What is This Thing Called Resilience?
Not long ago, I was at the White House visiting a friend who works on climate change issues. We were talking about her work when I happened to mention the word resilience. She groaned—the word seemed to have become simultaneously ubiquitous and meaningless in both policy circles and general discourse, she said, which is why she no longer uses it. It’s not that the concept of resilience isn’t important anymore, she added, but almost no one is clear on what the term actually means.
Resilience may indeed be the catchword of the year. The Rockefeller Foundation has this year begun funding Chief Resilience Officers in 100 cities around the world as part of its 100 Resilient Cities program, part of the foundation’s effort to make resilience one of its pillars in its second 100 years. Its director, Judith Rodin, has a new book, The Resilience Dividend, out on the subject this month (full disclosure: I’m quoted in it)—it’s the latest in a series of attempts to promote resilience. These efforts are not, however, a matter of jumping on the buzzword bandwagon: With severe weather events on the rise, three-digit daily stock market swings barely raising an eyebrow, ISIS unleashing chaos in the Middle East (and potentially elsewhere), a massive Ebola outbreak in Africa refusing to be contained, and social unrest boiling over from Brazil to Ukraine to Hong Kong to Mexico, the ability to survive and thrive despite significant disruption—the essence of resilience—is the new core competency for globalized enterprises.
Resilience, in its simplest form, is often thought of as the ability to bounce back. This is misguided as there is actually no “back” to bounce to. Time moves ahead and so do we. It’s more accurate to think of resilience as the ability to bounce forward. Resilient individuals, organizations, cities, nations, and species survive, learn, adapt, and grow stronger as a result. If GM makes it through its current difficulties, it will not be because it goes back to the way things used to be.
It’s more accurate to think of resilience as the ability to bounce forward.
It’s important to note the distinction between robustness (the ability to withstand disruption) and resilience (the ability to recover). They are complementary: Massive efforts to thwart cyber attacks are meant to build more robust systems; the ability to restore operations, public confidence, and reputation in the aftermath of a breach demonstrates resilience (or lack thereof).
There are three broad areas of scholarly inquiry on resilience. One focuses on people: the psychological school. A second looks at critical infrastructure: call it the engineering school. The third looks at the evolution of natural ecosystems: the environmental school. Although each of these is a distinct discipline generally pursued separately, they are ultimately interdependent—organizations need people, infrastructure, and system processes to function amid turbulence.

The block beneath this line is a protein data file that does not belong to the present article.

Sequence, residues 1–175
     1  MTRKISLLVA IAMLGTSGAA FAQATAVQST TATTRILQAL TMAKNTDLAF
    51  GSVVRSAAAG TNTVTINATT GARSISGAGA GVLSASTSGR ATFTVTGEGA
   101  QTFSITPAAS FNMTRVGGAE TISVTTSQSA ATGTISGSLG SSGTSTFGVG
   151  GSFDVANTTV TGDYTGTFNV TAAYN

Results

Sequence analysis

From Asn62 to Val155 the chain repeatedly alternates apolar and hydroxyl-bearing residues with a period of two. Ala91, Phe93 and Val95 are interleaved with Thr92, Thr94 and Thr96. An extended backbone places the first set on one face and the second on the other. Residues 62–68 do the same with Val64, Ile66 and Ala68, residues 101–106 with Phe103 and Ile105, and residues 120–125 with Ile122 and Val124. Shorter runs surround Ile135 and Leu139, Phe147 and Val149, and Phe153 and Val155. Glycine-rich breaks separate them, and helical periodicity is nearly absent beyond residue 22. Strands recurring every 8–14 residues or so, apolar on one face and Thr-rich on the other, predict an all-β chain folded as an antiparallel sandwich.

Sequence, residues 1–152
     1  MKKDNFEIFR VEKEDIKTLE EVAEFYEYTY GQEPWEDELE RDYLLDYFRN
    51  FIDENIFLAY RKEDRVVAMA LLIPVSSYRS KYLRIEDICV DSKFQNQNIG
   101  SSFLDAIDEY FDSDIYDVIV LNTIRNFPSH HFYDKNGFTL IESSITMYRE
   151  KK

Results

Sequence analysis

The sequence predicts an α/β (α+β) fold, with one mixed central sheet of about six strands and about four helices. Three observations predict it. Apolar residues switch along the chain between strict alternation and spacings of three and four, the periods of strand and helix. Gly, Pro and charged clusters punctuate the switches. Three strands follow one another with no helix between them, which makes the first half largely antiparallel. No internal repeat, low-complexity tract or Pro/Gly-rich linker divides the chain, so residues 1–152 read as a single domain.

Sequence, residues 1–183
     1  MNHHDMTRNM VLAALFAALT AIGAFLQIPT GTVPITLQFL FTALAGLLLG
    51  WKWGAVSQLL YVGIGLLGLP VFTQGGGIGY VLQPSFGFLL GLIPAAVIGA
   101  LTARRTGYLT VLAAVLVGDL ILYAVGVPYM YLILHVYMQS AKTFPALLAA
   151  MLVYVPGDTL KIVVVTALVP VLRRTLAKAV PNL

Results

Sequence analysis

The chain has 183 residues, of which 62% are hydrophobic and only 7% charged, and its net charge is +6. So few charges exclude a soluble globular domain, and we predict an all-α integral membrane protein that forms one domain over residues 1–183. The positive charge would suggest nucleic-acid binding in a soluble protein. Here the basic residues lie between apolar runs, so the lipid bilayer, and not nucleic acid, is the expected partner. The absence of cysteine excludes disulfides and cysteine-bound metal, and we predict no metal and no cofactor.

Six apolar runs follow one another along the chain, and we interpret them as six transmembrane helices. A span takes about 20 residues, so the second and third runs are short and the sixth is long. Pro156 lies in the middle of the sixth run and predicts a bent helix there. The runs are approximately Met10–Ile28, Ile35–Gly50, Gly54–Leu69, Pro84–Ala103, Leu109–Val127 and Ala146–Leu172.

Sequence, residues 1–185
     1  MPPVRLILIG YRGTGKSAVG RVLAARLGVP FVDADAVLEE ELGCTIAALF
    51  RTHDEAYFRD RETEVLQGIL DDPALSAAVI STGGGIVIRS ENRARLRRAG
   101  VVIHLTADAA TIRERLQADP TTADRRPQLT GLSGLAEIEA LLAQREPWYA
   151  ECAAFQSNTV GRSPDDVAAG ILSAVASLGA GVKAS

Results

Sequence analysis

In order to foster the capacity to bounce forward, executives should integrate insights from each of these areas. Start with your personal resilience and that of your people. Several years ago, Warren Bennis and Bob Thomas wrote Geeks and Geezers, comparing young and old leaders, and found that what these people had in common was coming through a significant “crucible” experience—from the death of a parent to a daunting work posting—that tested them to their core. They survived and grew because of it. Reflect on yours. When have you made it through difficulty that has shown you that you can persevere?
The first evidence of resilience is belief in a positive future. The sooner you can reassure yourself and those around you that you can get through a crisis, no matter how daunting it is, the faster you will trigger resilience. One of my former subordinates had a great way of doing this: When something would go wrong and people would begin to panic, she would ask, “Is anyone bleeding from the head? If the answer is ‘no,’ we can handle it. If the answer is ‘yes,’ I know who to call, and they can handle it.” A bit dramatic? Perhaps. But it worked.
When it comes to infrastructure, a failure can quickly lead to apportioning blame and obsessing over the point of failure. To foster resilience, draw instead on the things that still work. In the aftermath of the Boston Marathon bombings, for example, hospital IT systems were overwhelmed by the volume of incoming patients. But instead of arguing over the technology lapse, physicians quickly reverted to the battlefield technique of marking the patients’ bodies for identification: male, beard, right arm fracture, shrapnel left thigh. All of the injured evacuated from the scene that day survived. The recovery phase is the time for a detailed analysis of the infrastructure collapse and who fault it might be, after the response is complete.
Finally, when it comes to systems and processes, we should learn from nature to focus on function rather than form. In order to remain functioning as a viable business entity, an organization may need to radically reinvent its form, just as organisms and ecosystems have done over millions of years. IBM, for example, moved from products to services, and it’s now moving from traditional services to the cloud. Becoming too wedded to an outdated form inhibits resilience and the ability to adapt to changed circumstances.
Resilience is a natural capacity. We can cultivate its growth by becoming more in touch with ourselves and more aware of the world around us, particularly relationships and interdependencies. We can remove impediments by constructing our organizations to be responsive and agile in the face of rapidly shifting conditions. The world is getting more, not less, turbulent—our resilience is likely to be tested again and again.
Eric J. McNulty is the director of research at the National Preparedness Leadership Initiative and writes frequently about leadership and resilience.